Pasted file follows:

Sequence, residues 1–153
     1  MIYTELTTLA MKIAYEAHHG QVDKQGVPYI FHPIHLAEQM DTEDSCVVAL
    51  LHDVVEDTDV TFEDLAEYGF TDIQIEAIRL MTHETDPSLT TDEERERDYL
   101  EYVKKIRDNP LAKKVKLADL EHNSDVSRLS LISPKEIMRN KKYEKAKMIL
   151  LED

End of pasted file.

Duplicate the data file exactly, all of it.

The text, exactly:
Sequence, residues 1–153
     1  MIYTELTTLA MKIAYEAHHG QVDKQGVPYI FHPIHLAEQM DTEDSCVVAL
    51  LHDVVEDTDV TFEDLAEYGF TDIQIEAIRL MTHETDPSLT TDEERERDYL
   101  EYVKKIRDNP LAKKVKLADL EHNSDVSRLS LISPKEIMRN KKYEKAKMIL
   151  LED